Kabakovs’ Cuban project provokes US government in election year
American children allowed to travel to Havana only after last-minute appeal
By Charmaine Picard. News, Issue 236, June 2012
Published online: 30 May 2012
A project by the artists Ilya and Emilia Kabakov during the 11th Havana Biennial was nearly derailed when the US Department of the Treasury denied the artists the necessary public performance and exhibition licence that would allow five US children to travel to Havana, saying the project was “not consistent with the current US policy on Cuba”.
“We had help from senators, congressmen and people in the art world trying to find out why we were denied the licence,” says Emilia Kabakov, who trained as a classical pianist in the Soviet Union before becoming a visual artist. According to the Kabakovs, their application had been sent to the US Department of State for further review because their project was seen as politically sensitive and would receive international attention as part of the Havana Biennial.
A government official, who declined to be named for this article, says the state department was afraid that the American children would be used for political propaganda by the Cuban government. “Our argument to the state department was if the US doesn’t allow the children to come, then we will have a political situation,” Emilia Kabakov says. “Russian children are free to come but Americans are not. We live in a free country, so why can’t we bring this message to Cuba?”
After winning an appeal, the Kabakovs’ Ship of Tolerance opened at the Oratorio San Felipe Neri in Havana on 10 May, with a classical music concert performed by children from the US, Russia and Cuba.
Under the US trade embargo in force since 1963, American citizens can only travel to Cuba with organisations that are licensed by the treasury department’s Office of Foreign Assets Control (Ofac). According to Ofac, the estimated number of US travellers to Cuba in 2011 was around 390,000. When asked about the review process, Jeff Braunger, of the treasury department, says by email: “Licensing determinations are based on whether the applicant has satisfied the licensing criteria and will be engaging in activities that fall within the scope of current US policy.”
Once the Kabakovs learned that their application had been denied, in mid-April, the artists immediately organised and filmed a concert with American children, preparing a video that could be shown alongside the live classical performances of their Russian and Cuban counterparts. They also appealed against the decision, and just seven days before the opening of their exhibition in Cuba, they received word that their licence had been approved by the treasury department.
The children’s concert took place before the unveiling of the installation at the Castillo de la Real Fuerza on 11 May. Five-hundred Cuban children participated in the project, making paintings on the subject of tolerance that were sewn together to create the sail for the 66-foot-long by 23-foot-wide wooden ship, which was built on-site by a team of carpenters from Manchester College, UK, and local student carpenters from the Escuela Taller (workshop school) in Havana. The installation will remain in Cuba as a gift from the Kabakovs.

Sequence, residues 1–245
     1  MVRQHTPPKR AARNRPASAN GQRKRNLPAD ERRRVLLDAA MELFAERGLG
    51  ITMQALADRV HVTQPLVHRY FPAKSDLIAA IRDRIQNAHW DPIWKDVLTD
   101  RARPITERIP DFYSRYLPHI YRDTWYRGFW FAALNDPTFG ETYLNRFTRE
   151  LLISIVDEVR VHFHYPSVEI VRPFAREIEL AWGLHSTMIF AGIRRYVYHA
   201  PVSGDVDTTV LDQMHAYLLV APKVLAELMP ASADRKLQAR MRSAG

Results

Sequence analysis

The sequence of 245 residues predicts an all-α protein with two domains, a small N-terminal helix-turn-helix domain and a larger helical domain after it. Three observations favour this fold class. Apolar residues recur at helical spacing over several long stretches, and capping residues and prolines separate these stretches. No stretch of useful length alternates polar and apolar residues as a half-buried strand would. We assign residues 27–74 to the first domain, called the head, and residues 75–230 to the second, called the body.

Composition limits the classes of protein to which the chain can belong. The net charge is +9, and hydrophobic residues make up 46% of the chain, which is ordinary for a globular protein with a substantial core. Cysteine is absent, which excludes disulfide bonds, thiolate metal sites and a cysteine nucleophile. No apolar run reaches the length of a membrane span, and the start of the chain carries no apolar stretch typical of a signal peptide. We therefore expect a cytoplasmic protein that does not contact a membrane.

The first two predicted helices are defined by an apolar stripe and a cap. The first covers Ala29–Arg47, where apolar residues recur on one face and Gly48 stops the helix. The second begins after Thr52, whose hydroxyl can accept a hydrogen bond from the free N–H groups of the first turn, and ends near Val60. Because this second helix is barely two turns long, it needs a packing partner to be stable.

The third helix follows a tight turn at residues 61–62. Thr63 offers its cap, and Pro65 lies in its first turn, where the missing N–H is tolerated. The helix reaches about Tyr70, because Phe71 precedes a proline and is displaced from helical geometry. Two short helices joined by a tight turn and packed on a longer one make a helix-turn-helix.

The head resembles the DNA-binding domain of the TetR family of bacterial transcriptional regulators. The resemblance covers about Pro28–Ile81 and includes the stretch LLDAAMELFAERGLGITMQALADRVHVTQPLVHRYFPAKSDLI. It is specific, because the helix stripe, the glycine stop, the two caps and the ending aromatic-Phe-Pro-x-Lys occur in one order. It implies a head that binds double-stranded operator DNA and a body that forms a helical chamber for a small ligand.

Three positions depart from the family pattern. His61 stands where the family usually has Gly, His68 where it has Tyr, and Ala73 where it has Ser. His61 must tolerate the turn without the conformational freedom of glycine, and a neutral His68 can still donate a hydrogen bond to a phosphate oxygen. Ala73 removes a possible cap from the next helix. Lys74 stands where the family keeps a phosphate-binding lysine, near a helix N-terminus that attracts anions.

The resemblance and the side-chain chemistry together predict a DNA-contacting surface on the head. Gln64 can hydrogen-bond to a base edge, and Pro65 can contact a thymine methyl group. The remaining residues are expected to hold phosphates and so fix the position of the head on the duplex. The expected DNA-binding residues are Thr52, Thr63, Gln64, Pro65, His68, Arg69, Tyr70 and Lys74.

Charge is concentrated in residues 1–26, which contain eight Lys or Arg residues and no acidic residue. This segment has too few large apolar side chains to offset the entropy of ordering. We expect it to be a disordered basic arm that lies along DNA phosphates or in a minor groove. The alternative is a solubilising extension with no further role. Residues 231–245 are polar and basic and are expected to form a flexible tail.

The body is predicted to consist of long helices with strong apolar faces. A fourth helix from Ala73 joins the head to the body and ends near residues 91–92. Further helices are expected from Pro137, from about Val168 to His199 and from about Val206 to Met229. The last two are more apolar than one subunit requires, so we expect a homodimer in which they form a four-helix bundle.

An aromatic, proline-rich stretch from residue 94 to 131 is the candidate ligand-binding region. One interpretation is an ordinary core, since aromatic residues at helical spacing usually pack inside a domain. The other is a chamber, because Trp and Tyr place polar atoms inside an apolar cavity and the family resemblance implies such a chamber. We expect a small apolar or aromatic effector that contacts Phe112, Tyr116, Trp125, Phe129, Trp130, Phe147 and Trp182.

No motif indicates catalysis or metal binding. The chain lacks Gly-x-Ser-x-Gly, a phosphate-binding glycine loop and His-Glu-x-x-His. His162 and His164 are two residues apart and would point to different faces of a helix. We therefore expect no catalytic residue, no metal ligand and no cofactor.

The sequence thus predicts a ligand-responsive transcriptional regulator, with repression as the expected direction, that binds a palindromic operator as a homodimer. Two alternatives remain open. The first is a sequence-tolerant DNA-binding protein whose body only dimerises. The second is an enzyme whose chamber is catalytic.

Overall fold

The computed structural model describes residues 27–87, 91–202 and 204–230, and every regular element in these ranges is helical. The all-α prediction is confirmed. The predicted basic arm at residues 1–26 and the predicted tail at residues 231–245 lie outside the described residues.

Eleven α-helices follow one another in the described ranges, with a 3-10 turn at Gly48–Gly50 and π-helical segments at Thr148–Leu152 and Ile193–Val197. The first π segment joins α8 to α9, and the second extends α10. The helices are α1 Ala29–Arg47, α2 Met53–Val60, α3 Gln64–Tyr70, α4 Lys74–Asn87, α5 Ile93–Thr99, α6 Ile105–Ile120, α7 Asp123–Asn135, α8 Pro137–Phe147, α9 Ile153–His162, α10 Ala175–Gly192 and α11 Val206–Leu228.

When asked what the project meant for the Cuban people, the director of the biennial, Jorge Fernández, says: “It represents hope. If the children of our three countries can work together, it’s a lesson for adults.” The Russian ambassador to Cuba, Mikhail Kamynin, was less circumspect in his response saying: “We have to be tolerant of the political regime that exists, we have to respect the will of the people of sovereign countries; it’s not by accident that only three countries, the United States, Israel and the Marshall Islands, voted against the UN resolution to end the embargo.”
Russia and the US government both have chequered relationships with Cuba. While Cuba received annual subsidies worth around $5bn from their Cold War ally before the fall of the Soviet Union, many who lived through the “special period” in the early 1990s when the Russian government withdrew economic support came to view their former benefactors as traitors and occupiers.
As for the US, the economic embargo continues to make everyday living difficult. Although President Obama reinstituted people-to-people travel licences for cultural exchange in January 2011 and also increased the dollar amount family members are allowed to send back to Cuba, economic conditions remain bleak for the 11 million on the island, where the average income is just $20 per month. Miami-based Cuban-Americans who back the embargo have a strong lobby in Congress, and during this election year it is unlikely that President Obama will loosen restrictions further as Florida is a swing state.
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